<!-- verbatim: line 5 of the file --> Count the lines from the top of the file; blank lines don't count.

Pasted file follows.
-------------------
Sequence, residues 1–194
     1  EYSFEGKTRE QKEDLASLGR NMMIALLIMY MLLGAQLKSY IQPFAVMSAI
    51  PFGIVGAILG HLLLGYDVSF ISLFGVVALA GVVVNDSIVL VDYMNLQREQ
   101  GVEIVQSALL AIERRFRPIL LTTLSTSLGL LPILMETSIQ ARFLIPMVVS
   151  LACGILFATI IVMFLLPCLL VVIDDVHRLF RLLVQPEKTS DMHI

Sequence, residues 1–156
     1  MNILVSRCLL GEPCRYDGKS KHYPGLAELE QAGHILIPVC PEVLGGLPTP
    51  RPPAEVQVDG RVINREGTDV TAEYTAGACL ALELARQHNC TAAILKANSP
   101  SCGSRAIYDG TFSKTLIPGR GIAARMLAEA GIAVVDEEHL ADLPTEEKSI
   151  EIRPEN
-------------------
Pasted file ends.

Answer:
   151  LACGILFATI IVMFLLPCLL VVIDDVHRLF RLLVQPEKTS DMHI